State v. PeltonAnnotate this Case
249 N.W.2d 484 (1977)
197 Neb. 412
STATE of Nebraska, Appellee, v. Lyle Joe PELTON, Jr., Appellant.
Supreme Court of Nebraska.
January 19, 1977.
*485 Padley & Dudden, P. C., Ogallala, for appellant.
Paul L. Douglas, Atty. Gen., John R. Thompson, Asst. Atty. Gen., Lincoln, for appellee.
Heard before SPENCER, McCOWN, and CLINTON, JJ., and MORAN and KELLY, District Judges.
The defendant, Lyle Joe Pelton, Jr., was convicted on a charge of possession of marijuana with intent to distribute or dispense, and was sentenced to a term of 1 year in the Nebraska Penal and Correctional Complex. This is a companion case to State v. *486 Edwards, Neb., 248 N.W.2d 775, and the two cases were tried together in the District Court. The essential facts are stated in our opinion in the Edwards case and we will not restate them in this opinion except as we find necessary to amplify them in the disposition of the assignments of error made by Pelton.
He assigns and discusses the following claimed errors: (1) The evidence is insufficient to sustain the jury finding of guilty; (2) the search and seizure were unconstitutional and the trial court erred in not suppressing the admission into evidence of the suitcase and the marijuana contained therein; (3) the trial court erred in not granting Pelton's motion for a trial separate from that of Edwards; (4) the court erred in refusing to admit into evidence two certain airbills for shipment of a suitcase and a box respectively from North Platte to Tucson and from Tucson to North Platte; (5) the court erred in refusing to give the defendant's suggested amendment to instruction No. 4 given by the court; and (6) the sentence is excessive. We affirm.
The sufficiency of the evidence as applicable to Edwards was discussed in State v. Edwards, supra. As to the defendant Pelton we need add only this. The evidence showed that Pelton picked up the suitcase consigned to him at the North Platte air terminal; that he knew the suitcase was to be shipped to him; that when he took possession of the suitcase he carried it 400 feet to Edwards' van, which Edwards was driving, where he deposited it in the vehicle; and that found in the suitcase after his arrest was a paper containing the following calculation: "22 LBS. at 110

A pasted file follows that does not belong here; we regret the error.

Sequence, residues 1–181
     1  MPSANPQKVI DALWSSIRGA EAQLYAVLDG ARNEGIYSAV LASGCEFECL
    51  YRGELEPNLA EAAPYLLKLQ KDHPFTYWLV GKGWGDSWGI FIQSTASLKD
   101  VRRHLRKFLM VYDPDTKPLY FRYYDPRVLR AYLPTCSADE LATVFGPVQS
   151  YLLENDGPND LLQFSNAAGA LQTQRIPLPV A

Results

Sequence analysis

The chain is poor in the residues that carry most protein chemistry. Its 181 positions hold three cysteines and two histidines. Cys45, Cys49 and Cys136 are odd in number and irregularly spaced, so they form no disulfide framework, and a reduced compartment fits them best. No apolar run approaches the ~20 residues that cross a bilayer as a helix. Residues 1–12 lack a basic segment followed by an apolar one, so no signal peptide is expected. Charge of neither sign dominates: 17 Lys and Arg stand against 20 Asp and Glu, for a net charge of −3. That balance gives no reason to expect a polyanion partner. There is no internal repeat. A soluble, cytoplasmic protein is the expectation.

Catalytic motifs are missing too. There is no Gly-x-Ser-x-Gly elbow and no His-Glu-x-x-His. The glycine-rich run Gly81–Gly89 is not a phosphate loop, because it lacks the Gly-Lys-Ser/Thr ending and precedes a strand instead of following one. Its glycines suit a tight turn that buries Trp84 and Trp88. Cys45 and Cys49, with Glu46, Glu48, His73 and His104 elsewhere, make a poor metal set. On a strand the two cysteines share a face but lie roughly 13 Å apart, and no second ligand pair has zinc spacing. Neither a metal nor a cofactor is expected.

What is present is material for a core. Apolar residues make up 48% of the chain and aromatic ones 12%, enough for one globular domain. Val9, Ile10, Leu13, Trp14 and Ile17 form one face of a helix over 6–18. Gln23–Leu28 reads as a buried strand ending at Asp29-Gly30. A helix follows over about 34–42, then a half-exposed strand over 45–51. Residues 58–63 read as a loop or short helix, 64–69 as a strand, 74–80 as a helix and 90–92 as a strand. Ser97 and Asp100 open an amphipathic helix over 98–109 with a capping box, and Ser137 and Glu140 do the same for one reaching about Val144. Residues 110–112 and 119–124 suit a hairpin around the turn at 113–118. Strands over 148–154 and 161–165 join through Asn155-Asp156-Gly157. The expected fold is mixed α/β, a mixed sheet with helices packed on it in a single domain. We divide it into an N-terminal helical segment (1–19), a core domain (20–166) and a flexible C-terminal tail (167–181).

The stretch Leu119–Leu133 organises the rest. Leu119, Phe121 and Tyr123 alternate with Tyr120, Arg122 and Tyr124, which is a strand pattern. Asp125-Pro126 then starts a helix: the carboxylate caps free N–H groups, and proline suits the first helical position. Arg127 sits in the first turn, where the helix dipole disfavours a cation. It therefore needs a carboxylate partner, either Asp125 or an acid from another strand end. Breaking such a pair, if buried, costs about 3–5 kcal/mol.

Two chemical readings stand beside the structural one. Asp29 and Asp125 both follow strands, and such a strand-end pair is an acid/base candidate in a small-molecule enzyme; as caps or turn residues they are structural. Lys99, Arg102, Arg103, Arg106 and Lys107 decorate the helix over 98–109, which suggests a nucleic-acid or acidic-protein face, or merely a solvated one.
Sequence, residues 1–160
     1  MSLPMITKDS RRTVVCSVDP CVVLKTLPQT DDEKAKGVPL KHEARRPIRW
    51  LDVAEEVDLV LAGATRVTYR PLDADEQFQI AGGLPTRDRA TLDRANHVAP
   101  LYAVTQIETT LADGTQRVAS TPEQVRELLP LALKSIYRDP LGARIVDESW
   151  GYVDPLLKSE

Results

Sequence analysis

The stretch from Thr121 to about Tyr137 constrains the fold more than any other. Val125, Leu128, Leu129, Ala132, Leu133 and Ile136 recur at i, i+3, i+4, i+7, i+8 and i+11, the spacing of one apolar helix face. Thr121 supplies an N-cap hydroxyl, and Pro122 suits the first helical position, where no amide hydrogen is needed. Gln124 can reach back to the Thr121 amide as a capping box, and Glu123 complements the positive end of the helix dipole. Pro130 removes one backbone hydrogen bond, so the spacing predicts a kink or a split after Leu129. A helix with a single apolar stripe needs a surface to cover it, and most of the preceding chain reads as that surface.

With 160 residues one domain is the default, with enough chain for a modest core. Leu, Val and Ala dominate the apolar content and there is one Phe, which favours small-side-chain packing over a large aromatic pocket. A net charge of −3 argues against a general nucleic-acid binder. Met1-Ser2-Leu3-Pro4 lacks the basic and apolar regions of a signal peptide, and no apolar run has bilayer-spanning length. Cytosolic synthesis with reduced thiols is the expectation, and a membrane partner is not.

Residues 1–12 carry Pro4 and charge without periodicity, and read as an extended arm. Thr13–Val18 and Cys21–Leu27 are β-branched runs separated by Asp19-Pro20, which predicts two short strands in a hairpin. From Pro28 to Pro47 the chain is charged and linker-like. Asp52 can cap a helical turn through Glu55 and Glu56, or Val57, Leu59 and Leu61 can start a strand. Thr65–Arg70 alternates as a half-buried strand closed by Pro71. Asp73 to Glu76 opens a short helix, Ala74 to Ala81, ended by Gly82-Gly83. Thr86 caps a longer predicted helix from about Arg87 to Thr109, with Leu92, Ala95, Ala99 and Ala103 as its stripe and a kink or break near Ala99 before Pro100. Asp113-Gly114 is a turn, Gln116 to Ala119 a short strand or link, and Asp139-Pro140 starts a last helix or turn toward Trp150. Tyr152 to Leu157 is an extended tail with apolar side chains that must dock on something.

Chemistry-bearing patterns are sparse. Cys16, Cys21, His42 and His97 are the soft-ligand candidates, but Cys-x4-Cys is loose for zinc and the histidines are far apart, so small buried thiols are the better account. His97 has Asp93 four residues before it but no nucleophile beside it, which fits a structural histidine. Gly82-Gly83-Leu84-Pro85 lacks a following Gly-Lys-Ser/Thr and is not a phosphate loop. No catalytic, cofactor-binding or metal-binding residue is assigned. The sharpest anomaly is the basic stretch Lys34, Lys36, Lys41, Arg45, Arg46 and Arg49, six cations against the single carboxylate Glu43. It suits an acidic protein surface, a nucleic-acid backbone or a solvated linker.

110 22 ____ 220 2200 ____ 2420"
The evidence further showed that the weight of the marijuana contained in the suitcase was 22 pounds 3 ounces. The foregoing was sufficient to make a prima facie case that Pelton had knowledge of the contents of the suitcase. Pelton took the stand in his own behalf, denied that he knew what the suitcase contained, and explained that he had been told by Edwards that the suitcase would contain clothing belonging to Edwards and that he consented to have the suitcase consigned to him simply as an accommodation to Edwards because Edwards might not be in North Platte when the suitcase arrived. The cross-examination of Pelton rather clearly demonstrates the unreasonableness of Pelton's explanation. We need not give the details of the cross-examination. The partial import of it was that Pelton knew that Edwards was a brakeman for the Union Pacific Railroad Company; that his run was from North Platte to Grand Island; that he was in Grand Island regularly at the end of his run; and that there was simply no reason for Edwards to pay $12.60 to ship dirty clothing by air freight from Grand Island to North Platte when he could have transported the clothes himself on his regular run. The jury was not required to believe Pelton's explanation. The evidence is sufficient to sustain the conviction.
The search and seizure issue was determined in State v. Edwards, supra, and we need not discuss it further in this case. We simply point out that a search and seizure under almost identical circumstances was upheld in United States v. Issod, 7 Cir., 508 F.2d 990.